In the cockroach lab my group and I learned many things that were related to the experiment and that weren’t related. Our problem was will having a male cockroach one side of a “Y” maze affect the decision of a female cockroach in which way she travels. One thing that was related to the experiment, that we learned, was that the overall decision that a female cockroach makes in a “Y” maze is not greatly affected by whether or not there is a male on one side. In total my group did 35 trials and there was 18 for the side with the male cockroach (right) and 17 for the side without the male (left). With this data being so close it was hard to make a conclusion but, there were many things that we could have done differently or that we could have added. One thing that we could have done differently was that we weren’t sure if we had the same cockroaches as the initial experiment. One thing that we could have added was that we didn’t do enough trials to make a straight conclusion so we should add more trials. Also we should have done the same test with different cockroaches after finishing with one pair. But other than learning from the actually experiment, we learned that not all cockroaches are disease-carrying vermin. We learned this through caring and handling for the cockroaches. Overall the experiment was a great experience and I look forward to doing another.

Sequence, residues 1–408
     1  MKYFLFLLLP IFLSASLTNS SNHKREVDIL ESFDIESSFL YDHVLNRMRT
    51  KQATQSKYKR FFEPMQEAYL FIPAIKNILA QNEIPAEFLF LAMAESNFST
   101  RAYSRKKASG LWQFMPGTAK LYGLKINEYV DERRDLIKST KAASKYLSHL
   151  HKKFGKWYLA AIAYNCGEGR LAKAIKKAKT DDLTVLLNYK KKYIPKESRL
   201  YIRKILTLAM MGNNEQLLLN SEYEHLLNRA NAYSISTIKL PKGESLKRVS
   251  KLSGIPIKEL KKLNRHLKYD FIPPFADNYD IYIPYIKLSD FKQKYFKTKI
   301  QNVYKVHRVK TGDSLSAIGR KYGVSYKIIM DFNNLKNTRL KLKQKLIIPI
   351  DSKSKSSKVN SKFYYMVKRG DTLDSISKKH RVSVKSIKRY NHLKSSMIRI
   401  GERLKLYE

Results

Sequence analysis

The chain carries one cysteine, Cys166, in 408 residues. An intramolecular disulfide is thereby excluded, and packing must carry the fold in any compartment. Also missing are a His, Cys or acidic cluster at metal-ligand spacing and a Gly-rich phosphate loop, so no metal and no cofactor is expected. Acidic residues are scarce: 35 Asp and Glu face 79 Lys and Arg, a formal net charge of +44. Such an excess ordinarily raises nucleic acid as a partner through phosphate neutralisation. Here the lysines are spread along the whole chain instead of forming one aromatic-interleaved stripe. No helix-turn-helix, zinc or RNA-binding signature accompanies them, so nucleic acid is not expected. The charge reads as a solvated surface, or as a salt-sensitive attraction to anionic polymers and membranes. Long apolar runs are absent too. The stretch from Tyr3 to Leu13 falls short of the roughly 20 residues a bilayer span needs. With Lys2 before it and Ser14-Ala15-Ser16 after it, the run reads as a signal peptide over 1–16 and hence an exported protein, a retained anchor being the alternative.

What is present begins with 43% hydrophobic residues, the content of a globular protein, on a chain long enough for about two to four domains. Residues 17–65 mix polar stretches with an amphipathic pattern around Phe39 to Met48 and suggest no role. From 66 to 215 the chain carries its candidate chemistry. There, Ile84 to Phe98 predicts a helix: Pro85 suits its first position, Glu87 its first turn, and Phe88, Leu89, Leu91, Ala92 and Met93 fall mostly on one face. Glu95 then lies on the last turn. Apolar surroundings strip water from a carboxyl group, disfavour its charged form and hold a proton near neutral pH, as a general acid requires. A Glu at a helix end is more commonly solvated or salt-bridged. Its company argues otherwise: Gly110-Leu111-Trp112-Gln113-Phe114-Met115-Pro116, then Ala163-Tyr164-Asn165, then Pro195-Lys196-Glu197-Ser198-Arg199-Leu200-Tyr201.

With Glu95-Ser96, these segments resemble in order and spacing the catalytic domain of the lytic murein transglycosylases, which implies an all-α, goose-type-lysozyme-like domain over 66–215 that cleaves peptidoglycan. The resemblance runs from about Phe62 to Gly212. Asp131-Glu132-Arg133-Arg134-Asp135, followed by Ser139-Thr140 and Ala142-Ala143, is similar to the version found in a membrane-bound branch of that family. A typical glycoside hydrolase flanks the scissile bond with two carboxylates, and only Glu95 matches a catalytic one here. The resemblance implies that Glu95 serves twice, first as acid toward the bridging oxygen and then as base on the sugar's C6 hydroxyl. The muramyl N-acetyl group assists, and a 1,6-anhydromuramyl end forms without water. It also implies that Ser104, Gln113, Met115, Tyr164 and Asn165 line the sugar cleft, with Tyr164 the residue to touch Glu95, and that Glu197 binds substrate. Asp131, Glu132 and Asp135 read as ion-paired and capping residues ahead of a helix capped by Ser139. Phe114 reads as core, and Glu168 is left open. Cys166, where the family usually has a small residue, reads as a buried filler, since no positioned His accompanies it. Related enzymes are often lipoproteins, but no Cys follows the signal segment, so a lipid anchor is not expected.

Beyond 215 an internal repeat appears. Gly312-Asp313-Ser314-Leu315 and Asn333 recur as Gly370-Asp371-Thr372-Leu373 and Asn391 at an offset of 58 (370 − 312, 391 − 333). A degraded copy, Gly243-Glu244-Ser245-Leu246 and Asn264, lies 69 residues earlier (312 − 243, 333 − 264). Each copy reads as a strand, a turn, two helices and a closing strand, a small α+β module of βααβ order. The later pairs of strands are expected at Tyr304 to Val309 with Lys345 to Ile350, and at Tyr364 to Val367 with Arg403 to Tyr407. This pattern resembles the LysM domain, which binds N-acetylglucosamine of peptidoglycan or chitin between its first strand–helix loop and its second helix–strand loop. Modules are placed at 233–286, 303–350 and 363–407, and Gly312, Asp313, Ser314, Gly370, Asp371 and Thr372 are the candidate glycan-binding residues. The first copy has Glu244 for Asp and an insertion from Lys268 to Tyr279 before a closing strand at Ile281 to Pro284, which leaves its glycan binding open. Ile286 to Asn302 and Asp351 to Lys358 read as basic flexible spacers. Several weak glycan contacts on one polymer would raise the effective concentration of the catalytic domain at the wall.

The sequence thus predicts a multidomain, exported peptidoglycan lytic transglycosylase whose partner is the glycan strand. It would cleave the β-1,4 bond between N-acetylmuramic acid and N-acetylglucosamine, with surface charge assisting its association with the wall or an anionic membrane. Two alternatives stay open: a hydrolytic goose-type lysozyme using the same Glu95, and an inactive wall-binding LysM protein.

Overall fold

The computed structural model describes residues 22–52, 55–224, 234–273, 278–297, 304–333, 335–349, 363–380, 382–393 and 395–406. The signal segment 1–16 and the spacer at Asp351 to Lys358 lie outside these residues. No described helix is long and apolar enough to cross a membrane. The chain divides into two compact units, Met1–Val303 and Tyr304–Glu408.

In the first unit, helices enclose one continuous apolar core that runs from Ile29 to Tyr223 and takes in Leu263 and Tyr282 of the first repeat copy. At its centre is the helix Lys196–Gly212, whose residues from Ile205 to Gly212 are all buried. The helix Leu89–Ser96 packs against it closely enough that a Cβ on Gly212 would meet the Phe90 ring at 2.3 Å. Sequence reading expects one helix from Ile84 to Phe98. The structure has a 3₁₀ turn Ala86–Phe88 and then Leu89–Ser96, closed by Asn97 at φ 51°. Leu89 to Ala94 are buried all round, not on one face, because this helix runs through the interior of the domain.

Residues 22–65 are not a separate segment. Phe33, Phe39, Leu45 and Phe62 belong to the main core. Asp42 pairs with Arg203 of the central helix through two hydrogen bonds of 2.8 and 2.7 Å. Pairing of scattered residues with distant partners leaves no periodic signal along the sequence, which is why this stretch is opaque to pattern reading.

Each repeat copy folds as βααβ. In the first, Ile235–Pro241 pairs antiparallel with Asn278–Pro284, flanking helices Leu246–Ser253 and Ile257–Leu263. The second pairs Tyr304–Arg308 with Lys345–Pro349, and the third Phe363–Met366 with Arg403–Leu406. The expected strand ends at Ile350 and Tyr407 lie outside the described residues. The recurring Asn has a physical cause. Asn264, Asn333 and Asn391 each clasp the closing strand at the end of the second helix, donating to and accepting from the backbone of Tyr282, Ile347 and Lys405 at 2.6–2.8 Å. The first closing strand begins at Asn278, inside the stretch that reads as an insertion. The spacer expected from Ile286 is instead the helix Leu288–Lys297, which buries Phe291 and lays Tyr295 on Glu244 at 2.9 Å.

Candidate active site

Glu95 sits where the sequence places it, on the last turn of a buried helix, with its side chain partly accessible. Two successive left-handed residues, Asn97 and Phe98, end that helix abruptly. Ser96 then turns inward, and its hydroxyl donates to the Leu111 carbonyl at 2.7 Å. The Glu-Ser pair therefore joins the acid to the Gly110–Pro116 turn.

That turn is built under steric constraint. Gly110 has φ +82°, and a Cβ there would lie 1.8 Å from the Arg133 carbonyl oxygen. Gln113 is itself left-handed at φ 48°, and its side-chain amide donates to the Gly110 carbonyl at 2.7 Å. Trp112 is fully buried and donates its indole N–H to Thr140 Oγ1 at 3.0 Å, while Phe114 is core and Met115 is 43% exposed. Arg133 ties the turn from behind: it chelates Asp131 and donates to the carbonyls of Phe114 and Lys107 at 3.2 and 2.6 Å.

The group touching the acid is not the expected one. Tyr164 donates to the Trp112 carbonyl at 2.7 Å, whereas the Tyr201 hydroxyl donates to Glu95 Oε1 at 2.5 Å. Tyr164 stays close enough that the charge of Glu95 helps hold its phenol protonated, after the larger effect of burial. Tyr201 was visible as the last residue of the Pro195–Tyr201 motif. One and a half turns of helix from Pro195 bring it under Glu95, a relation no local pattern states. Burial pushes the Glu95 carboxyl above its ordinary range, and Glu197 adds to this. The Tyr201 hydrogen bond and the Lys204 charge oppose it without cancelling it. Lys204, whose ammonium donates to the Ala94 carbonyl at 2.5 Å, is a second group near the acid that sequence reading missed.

PS: I want to kiss the cockroach for some extra credit!

  4. Sam

    I was in Carl’s group, so i did the same experiment. It was really fun because you can do this experiment easily and not realize you’re learning as much as you really are. We learned scentific procedures and alot about independent and dependent variables. If i could have changed one thing about the eperiment, it would have been to make the Y-maze’s “wings” have the same length because i think the amount of space the cochroach had affected which side he went towards.

  5. Amy